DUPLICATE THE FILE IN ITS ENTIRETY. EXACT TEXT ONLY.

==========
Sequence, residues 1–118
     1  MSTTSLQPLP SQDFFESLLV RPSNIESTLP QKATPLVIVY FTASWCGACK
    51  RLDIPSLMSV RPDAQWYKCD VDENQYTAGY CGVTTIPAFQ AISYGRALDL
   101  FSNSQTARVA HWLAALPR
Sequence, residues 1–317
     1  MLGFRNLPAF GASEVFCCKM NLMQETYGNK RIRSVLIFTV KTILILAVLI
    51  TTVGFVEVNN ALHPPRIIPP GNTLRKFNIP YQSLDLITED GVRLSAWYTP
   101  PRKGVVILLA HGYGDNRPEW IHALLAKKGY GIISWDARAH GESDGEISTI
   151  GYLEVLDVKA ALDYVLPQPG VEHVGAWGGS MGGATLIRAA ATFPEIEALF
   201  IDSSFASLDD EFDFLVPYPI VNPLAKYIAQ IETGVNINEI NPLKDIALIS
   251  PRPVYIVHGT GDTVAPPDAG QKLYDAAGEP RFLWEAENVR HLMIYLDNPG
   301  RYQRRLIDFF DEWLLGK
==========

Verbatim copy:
Sequence, residues 1–118
     1  MSTTSLQPLP SQDFFESLLV RPSNIESTLP QKATPLVIVY FTASWCGACK
    51  RLDIPSLMSV RPDAQWYKCD VDENQYTAGY CGVTTIPAFQ AISYGRALDL
   101  FSNSQTARVA HWLAALPR
Sequence, residues 1–317
     1  MLGFRNLPAF GASEVFCCKM NLMQETYGNK RIRSVLIFTV KTILILAVLI
    51  TTVGFVEVNN ALHPPRIIPP GNTLRKFNIP YQSLDLITED GVRLSAWYTP
   101  PRKGVVILLA HGYGDNRPEW IHALLAKKGY GIISWDARAH GESDGEISTI
   151  GYLEVLDVKA ALDYVLPQPG VEHVGAWGGS MGGATLIRAA ATFPEIEALF
   201  IDSSFASLDD EFDFLVPYPI VNPLAKYIAQ IETGVNINEI NPLKDIALIS
   251  PRPVYIVHGT GDTVAPPDAG QKLYDAAGEP RFLWEAENVR HLMIYLDNPG
   301  RYQRRLIDFF DEWLLGK